Goodbye to Great Grandpa

Kevin’s grandpa, the steady and solid Vito Beto, died peacefully at the end of October, age 93.


He’s a tough person to write about because he was a simple man who spent most of his life doing the same things day in and day out.  He worked one job his whole life, at a wallpaper factory, and the day he was eligible for retirement he just didn’t show up and that was that.  He ate the same sandwich for most of his years there (minced ham).  In World War II they told him not to take his shoes off and he thought they meant for the rest of your life.  (It was so hard to get the man out of his shoes.)

Every Sunday we brought Grandpa donuts.  He’d choose the same one every time–a chocolate long john.  He’d ask the same questions every Sunday.  “How are your parents doing?”  “Any new neighbors?” “The boys out of school yet?”  He’d ask these questions over and over during donut hour and we’d answer them the same way each time.  And each time he’d be pleased with the answer.


The questions, they made everything feel safe and comfortable.  The rest of the world might be moving and changing too fast, but when you were with Great Grandpa, nothing changed. It felt like nothing needed to.


But then, every once in a while, you’d say something like, “Vincenzo is in a play,” and Grandpa would light up and say, “I was in a play once.”  What?  This is something new!  “I played a mouse,” he’d add.  We’d want to know more.  We’d ask him questions.  He’d take a bite of his chocolate long john and say, “How are your parents doing?”  We’d squirrel away the little piece of information and add it to the lore of Grandpa.  The stories of his long-ago past didn’t seem to match up with the quiet man sitting with us.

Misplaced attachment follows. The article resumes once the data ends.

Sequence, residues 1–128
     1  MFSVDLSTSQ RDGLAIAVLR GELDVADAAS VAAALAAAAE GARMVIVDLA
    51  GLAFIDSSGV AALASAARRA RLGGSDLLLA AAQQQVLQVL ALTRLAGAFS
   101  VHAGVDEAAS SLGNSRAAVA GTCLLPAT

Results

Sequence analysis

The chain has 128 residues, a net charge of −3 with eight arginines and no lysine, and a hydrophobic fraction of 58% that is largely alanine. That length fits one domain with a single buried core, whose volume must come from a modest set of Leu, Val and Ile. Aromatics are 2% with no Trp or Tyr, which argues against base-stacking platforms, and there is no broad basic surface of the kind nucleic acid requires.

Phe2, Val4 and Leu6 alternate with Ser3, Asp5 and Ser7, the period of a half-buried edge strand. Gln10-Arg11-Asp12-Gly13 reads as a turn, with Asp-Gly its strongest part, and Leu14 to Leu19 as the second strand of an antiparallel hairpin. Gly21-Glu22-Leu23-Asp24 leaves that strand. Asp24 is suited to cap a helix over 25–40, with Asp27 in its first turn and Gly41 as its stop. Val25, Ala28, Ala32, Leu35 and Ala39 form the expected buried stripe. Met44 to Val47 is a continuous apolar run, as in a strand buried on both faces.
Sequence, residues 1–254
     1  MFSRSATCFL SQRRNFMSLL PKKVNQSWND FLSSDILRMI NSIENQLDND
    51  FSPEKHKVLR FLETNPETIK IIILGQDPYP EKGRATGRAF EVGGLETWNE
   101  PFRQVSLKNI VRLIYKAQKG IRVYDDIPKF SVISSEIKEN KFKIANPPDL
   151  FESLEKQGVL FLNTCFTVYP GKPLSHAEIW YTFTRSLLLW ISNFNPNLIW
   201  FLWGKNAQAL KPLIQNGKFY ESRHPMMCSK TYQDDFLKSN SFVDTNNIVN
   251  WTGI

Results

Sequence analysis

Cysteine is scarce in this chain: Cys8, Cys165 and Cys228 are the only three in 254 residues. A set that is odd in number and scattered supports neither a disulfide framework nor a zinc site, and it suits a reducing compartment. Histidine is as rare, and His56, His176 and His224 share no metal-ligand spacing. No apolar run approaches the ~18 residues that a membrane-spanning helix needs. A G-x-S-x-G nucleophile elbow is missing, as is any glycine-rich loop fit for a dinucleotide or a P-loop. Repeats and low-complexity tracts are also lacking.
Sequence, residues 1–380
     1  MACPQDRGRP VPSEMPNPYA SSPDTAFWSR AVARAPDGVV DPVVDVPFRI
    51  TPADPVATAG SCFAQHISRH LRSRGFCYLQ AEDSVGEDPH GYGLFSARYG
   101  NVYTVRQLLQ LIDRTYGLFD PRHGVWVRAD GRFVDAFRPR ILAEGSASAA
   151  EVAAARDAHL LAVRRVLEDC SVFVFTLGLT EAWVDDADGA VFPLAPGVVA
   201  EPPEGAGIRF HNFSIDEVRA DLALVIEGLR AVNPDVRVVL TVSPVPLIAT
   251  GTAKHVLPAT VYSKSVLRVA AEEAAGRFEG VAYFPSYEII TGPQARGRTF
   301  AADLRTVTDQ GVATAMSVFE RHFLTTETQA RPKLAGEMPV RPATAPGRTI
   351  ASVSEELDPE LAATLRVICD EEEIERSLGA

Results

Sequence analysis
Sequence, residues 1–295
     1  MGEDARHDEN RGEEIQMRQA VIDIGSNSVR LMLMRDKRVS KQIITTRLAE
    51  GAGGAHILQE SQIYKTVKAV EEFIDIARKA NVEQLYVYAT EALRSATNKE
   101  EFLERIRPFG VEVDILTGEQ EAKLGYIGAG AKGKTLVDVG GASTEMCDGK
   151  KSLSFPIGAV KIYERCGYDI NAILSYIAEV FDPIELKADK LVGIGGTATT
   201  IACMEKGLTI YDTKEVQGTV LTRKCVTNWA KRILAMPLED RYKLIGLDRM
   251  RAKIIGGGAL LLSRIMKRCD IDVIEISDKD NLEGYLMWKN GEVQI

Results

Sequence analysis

Like how he grew up in extreme poverty during the depression, surviving by collecting bits of coal or old bricks to sell.  Or how  manned an anti-aircraft gun in WWII.  And how he fell in love with a girl before he joined the service, and he’d send her Valentine cards that came in boxes, signed by Vito, a curlicue hanging from the bottom of his V.  Grandpa wrote her love letters from overseas.  “My dear, darling Violet,” they’d begin.  “Do you still want to marry me?”  Of course, she did, and lucky for all whose lives were given or made golden by that marriage.

When Grandma died a few years back, Grandpa did not want to go on.  He wanted to go to sleep and not wake up, but he kept waking up anyway.  It felt unfair.  Grandma was the love and purpose of his life.  In his last weeks, Grandpa sometimes saw her.  He could hear singing, and he said they were singing his name.

Of course, it’s hard to say goodbye.  It’s hard knowing there is someone else in Grandpa’s room at “the club,” as he called the nursing home.  It is hard when Sunday morning comes and goes without our hour sitting in his 100-degree room, answering the same questions over and over again, comforted by the predictability of it all.

But it’s a good thing, because Grandpa is finally where he wanted to be.

After all these years, after all those minced ham sandwiches and Sunday mornings and chocolate long johns, Grandpa was finally ready for a change.


Together again.  And together is where they are happiest.

Potato gnocchi with chicken sausage and broccolini
Mango lassies


Oh look, our kids carved pumpkins!




Right.  Except that seconds after these photos were taken, Rocco declared his arm was tired, Leo said he didn’t want to get his hands messy, and Vincenzo couldn’t get the pulp out of the tiny hole he carved.  So as happens every year, the kids tricked us into carving their pumpkins.

Kevin and I scooped and cut, scraped and carved, and no one stood around taking our pictures because they had all left, so we have no proof.

We had the same very loud conversation we had every year about how we carved our own pumpkins when we were their age, and kids these days are getting soft and have no knife skills, and the Internet has RUINED pumpkin carving with its fire-breathing dragons and Jesus faces and pumpkins freaking eating smaller pumpkins.  We had three choices as kids: triangle, square, or circle.